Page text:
Athletes and actors:
Are they best role models?
Los Angeles Lakers' star Kobe Bryant signed a multimillion-dollar endorsement deal with Nike in June. He already had endorsement contracts with McDonald's, Spalding, and Sprite.
Now that Bryant has been charged with sexual assault of a 19-year-old woman, he's probably more concerned about losing his endorsements than spending time in jail. He admitted he was guilty of adultery with the woman but insists it was consentual.
Will all be forgiven if Bryant is found innocent? Will his reputation be tarnished or will the public wink at his sexual exploits? Bryant has had a fairly "clean" public image, but who knows what happened behind closed doors.
Priorities out of whack. Priorities are all out of whack in our society today. We hold up professional athletes and movie stars as role models for young people. Kids want to "be like Mike." Looking good and making lots of money seem to be the epitome of success.
But what happens when an athlete gets injured? How about when an actor grows older and loses his sex appeal? And what if an athlete or actor gets sick, becomes depressed or addicted to alcohol or drugs?
We've heard sad stories about athletes and actors who've fallen from favor and have plunged into the depths of despair. Sometimes these people started out as decent people but got sucked into the system. Marilyn Monroe comes to mind, but there are many other tragic cases.
Most of today's heroes are not people we would like our children or grandchildren to emulate. But how do we get them to realize that there are much better role models?
Sharing stories of saints. One way to start is by sharing stories of holy people of the past and present. There are some great books available today about the lives of the saints. I was particularly impressed with Patrons and Protectors: Occupations by Michael O'Neill McGrath (Archdiocese of Chicago). It has drawings of saints as they would appear today. For example, St. Francis de Sales, patron saint of journalists, was pictured at a computer. We have many modern-day heroes and saints, from Archbishop Oscar Romero to Mother Teresa to Pope John Paul II.
Reading the article on this page from Msgr. Delbert Schmelzer, diocesan director of the Propagation of the Faith, I couldn't help but contrast the $700 a year needed to educate a seminarian in mission countries with the millions paid to our athletes and movie stars. We get some momentary satisfaction watching a sporting event or a movie, but a priest helps prepare us for ever-lasting life.
Readjust priorities. We should look at our own lives. Who are our heroes? What do we value most? If necessary, we need to readjust our own priorities and put Jesus and our faith first. As a concrete start, send some money to the Propagation of the Faith, the Diocese of Madison, or other church organization for the education of future priests and religious. They need our support.
If we have children or grandchildren, talk with them about some of those saints -- past and present -- who are better role models. Or tell our kids about how important our faith is to us personally.
We can't put all the blame on Kobe Bryant or other athletes and actors. If we agree that our society is out of kilter, we need to take responsibility to put it right.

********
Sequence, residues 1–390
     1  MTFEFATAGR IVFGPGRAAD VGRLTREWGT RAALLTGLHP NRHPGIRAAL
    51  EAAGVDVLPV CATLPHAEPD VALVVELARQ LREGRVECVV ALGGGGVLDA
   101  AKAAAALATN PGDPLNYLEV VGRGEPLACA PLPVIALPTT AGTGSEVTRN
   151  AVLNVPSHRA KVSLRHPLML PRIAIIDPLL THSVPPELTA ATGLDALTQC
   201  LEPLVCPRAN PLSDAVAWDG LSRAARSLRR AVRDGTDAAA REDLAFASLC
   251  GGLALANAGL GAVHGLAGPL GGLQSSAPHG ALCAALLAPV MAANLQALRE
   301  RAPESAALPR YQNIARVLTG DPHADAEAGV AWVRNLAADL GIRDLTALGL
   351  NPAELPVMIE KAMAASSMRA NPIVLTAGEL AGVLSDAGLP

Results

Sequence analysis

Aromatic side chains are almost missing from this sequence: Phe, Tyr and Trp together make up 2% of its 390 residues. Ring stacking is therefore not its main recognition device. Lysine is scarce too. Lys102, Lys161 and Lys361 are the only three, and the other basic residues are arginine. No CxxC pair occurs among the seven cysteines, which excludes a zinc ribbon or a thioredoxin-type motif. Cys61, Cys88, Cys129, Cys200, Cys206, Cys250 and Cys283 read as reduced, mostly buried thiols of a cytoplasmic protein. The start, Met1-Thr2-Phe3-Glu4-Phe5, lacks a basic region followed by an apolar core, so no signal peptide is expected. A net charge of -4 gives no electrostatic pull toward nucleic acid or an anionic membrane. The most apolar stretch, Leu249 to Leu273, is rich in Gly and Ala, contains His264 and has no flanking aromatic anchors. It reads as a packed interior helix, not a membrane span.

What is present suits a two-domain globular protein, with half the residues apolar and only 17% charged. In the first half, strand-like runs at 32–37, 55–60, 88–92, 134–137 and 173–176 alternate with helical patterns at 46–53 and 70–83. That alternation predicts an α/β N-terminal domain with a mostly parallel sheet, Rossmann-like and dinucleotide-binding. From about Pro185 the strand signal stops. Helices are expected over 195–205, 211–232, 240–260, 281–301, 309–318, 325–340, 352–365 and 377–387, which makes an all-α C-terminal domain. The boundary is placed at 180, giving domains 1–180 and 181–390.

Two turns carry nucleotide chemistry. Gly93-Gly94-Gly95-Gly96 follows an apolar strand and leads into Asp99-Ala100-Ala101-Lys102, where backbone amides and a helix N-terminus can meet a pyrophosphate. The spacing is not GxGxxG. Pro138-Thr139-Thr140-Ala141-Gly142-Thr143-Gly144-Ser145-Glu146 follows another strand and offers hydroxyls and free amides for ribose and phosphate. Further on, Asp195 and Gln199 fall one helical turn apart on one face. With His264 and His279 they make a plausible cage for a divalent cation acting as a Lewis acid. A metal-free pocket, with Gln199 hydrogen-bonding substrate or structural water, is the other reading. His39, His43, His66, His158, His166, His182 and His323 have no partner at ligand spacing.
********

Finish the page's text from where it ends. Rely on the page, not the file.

Mary C. Uhler, editor
Here's what Jesus would do
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To the editor:
What's all this wondering about what Jesus would do if he were here and the action he would take with the situations in Afghan, Iraq, Iran and other tough issues?
No, I know he wouldn't bomb the hell out of them. He wouldn't kill their old men, women, and children. I know he wouldn't declare war on anyone. But, I do believe "I know what he'd do" if he were to walk the earth today.
Here's what I believe he'd do.
He too was surrounded by violence, war, sex, idolatry etc. He would pray, fast, and find 12 men and/or women and teach them the message of his peace. There's no reason to speculate or even bring up such things as a violent appearance.
That's what he did and I believe that's what he'd do in 2003. Doesn't that make sense?
Donald J. Eckert, Janesville
Need local control in Midwest
To the editor:
It seems just like old times, i.e., the 1980's or so. Actually, things didn't change much in the meantime. One challenge to local control after another drizzles in from Washington, D.C. Congress and regulators continue to do one thing after another not in the best interest of the northern Middle West, be it the many layers of policy which shortchange dairy farmers in the region to the usual threats from the Department of Transportation.
Take the milk-pricing saga. The north central states of Minnesota, Wisconsin, Iowa, and North Dakota get it even worse than the rest of the country. The playing field isn't level and the growing involvement of the federal government actually makes it worse.
Why does this have to be the case, when this part of the country has demonstrated time and time again over the last 100 years and more that we have done a very good job of solving problems at the local and state level? Very often we have led the way for the rest of the country on economics and governance issues.
Maybe it's time that we had a political movement that stood for local control, fairness, and regional co-operation and consciousness. We could work with all political parties to secure this agenda, which most assuredly works for all of us in this part of the country.
Philip John Schumacher, Stoughton